Tracy Killoren Chadwell is a Belle Haven-based mother of two, but don’t look for her lunching sur la mer or honing her crosscourt forehand. With a background in venture capital as a former partner at Baker Capital, as well as technology finance at Robertson Stephens, Tracy is on a game-changing mission to build infrastructure for female entrepreneurs in Greenwich and beyond. Listen in as Tracy reveals her latest venture, some savvy business advice and the must-see film screening she organized at Greenwich Library this month.
WHY IS OUR TOWN PRIME TERRITORY FOR FEMALE ENTREPRENEURS?
Greenwich has more educated, experienced and interesting women than any other place in the world. Backgrounds in finance, marketing and engineering make them perfect entrepreneurs. Just look at tech-enabled companies like Quad Jobs, TIA Girl Club and The Local Vault. Nationally, women are starting businesses at the rate of 1,200 per day, and Greenwich is poised to do its part.
WHAT LED YOU TO CREATE YOUR GREENWICH-BASED VC FUND 1843 CAPITAL LAST FALL?
I chose the name because 1843 was the year Ada Lovelace wrote the first computer program. My goal is to bring institutional capital to women founders and create a coworking space in Greenwich with technical help and mentoring for women who want to start businesses.
I found it staggering that companies with a female founder return 63 percent more capital than investments in all-male founding teams, and revenue growth for female CEOs is 47 percent higher than all male-led companies, yet female founders receive less than 3 percent of total venture capital dollars. I’ve invested in ten female-founded companies—one of them is mega successful Beautycounter, which launched at J House in 2013—and watched these businesses raise an additional combined $130 million in capital.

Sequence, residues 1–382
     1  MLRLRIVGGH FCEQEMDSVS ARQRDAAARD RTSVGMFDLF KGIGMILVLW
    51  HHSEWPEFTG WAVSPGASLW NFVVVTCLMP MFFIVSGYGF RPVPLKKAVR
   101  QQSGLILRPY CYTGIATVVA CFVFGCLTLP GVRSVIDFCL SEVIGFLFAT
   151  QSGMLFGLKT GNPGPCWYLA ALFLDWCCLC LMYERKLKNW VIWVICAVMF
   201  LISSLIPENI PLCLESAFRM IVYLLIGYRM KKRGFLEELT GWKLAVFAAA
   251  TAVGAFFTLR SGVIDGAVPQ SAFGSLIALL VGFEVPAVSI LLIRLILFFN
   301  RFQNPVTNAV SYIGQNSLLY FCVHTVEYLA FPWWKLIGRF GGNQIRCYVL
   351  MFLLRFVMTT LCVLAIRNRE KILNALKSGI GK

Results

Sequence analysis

Within five years, I will have funded another twenty world-class companies that will change the world and will have helped them grow into candidates for IPO or strategic acquisition.
ANY ADVICE FOR WOMEN WHO WANT TO START THEIR OWN BUSINESS?
The best ideas start with solving a real problem. Think of something that is a big problem that you have that needs to be solved. The next step is a name. It’s not a good idea to build up a lot of equity and brand recognition just to find out someone else had it first.
Next, register your domain name and set up your website to publish blog posts or accept payments. I then recommend forming an LLC for your company. You can get started through startuppercolator.com/formation. At this point, you may need a little funding. Resources like therefineryct.com and ctwbdc.org can help you set up a business plan and gain access to advisors and capital.
On 1843capital.com, I have a list of capital sources specifically focused on women founders, from crowdsourcing sites to grants to angel investment groups and micro-vc’s.
TELL US ABOUT DREAM, GIRL, THE DOCUMENTARY YOU ARRANGED TO BE SCREENED AT GREENWICH LIBRARY ON MAY 10.
Dream, Girl was first shown at the White House, and is currently being screened worldwide. I was so inspired by the film and its subjects—female entrepreneurs of all ages and colors who took the leap to start a business—that I paid the license fee and organized a screening for young girls and women in Greenwich. It’s the kind of film mothers can bring their daughters to. I appear as an investor in one minute of the film, but the real stars are the entrepreneurs. If you can’t make it May 10, you can find more dates and locations at dreamgirlfilm.com.